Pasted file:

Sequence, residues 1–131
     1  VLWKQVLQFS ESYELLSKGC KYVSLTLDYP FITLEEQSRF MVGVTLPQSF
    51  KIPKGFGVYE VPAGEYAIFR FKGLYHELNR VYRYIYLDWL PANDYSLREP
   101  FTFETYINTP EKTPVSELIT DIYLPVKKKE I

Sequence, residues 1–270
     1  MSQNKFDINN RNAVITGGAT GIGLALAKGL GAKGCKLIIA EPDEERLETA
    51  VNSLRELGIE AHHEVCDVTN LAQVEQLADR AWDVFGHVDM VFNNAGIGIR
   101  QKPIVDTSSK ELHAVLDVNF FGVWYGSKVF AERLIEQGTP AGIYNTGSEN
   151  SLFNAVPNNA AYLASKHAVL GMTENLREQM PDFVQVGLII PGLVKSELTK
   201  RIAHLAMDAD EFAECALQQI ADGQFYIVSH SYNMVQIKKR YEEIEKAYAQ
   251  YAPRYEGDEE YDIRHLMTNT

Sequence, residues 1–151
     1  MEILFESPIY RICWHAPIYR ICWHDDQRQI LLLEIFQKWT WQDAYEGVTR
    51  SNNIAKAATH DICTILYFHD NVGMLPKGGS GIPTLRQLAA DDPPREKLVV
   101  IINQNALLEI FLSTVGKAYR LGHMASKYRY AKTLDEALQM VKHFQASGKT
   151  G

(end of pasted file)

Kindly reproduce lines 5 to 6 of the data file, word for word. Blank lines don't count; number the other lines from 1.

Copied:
Sequence, residues 1–270
     1  MSQNKFDINN RNAVITGGAT GIGLALAKGL GAKGCKLIIA EPDEERLETA